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News & Perspective from the Center for Environmental Journalism
This item was posted on August 13, 2010, and it was categorized as CNN, Climate Change, False Balance.
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media-memory-hole

At the end of July, CNN ran an article online about the recent NOAA report documenting how specific, climate-related indicators all point in the same direction: toward an increasingly warmer world.

The problem was that the article was originally published by Financial Times, and it was egregiously guilty of false balance. As I and others pointed out in blog postings, even though the NOAA report was based on the work of more than 300 scientists from 160 research groups in 48 countries, the FT/CNN article about it devoted more than half the space to a response from climate skeptics.

Well, guess what? The link to that article on CNN.com is now dead. Click it and you get “page not found.” Why did CNN take it down?

I wouldn’t be suspicious if this was the first time that something like this had happened. It’s not.

In December, CNN ran a series called “Global Warming: Trick or Truth,” prompted by the so-called “Climategate” email controversy. One particular segment hosted by Campbell Brown was particularly egregious, pitting Bill Nye the Science Guy against Patrick Michaels to do the usual entertaining talking heads thing. In the process, CNN created a complete mess in which the science and the politics of climate change got mixed up together. I blogged critically about it, and not long thereafter the video disappeared. (Here’s a link to my blog post: http://www.cejournal.net/?p=2514 You’ll find the CNN video there, but you won’t find it on CNN. As I said, it’s gone.)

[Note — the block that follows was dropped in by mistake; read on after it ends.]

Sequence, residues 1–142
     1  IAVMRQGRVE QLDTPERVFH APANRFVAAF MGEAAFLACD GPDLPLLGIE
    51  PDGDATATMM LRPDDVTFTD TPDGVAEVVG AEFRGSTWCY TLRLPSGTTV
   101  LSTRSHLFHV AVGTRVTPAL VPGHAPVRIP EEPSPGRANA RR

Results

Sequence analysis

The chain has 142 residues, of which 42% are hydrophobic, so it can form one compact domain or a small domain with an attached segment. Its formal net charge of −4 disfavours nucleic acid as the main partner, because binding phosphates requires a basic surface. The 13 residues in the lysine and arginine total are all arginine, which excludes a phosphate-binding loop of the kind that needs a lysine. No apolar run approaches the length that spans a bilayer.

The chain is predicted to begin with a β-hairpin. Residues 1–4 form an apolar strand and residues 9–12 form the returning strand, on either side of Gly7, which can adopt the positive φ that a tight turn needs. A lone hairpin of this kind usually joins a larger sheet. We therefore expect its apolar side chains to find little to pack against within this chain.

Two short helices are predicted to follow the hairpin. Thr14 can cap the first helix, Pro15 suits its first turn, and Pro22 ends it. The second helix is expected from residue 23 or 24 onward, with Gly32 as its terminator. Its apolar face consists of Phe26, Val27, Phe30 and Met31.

I also wouldn’t be suspicious if CNN routinely took down all of its archived videos. But I just searched the CNN site using the terms “bill nye patrick michaels” and came up with another segment pitting Nye and Michaels against each other.  I’m not aware of any blogospheric criticism of that segment. That’s probably because the interview with Anderson Cooper stuck more to the email messages themselves and their significance. It wasn’t a “yes or no” debate about the science between talking heads, unlike the Campbell Brown interview, which mixed more of that silliness into the program.

So is CNN removing stuff that attracts criticism from a few prickly bloggers? I don’t know. But I am suspicious.
If they pulled bad stuff and then ran an editor’s note explaining how they got it wrong, I’d be all for it. That would be the professional thing to do. Instead, CNN seems to want its mistakes to disappear down the memory hole.
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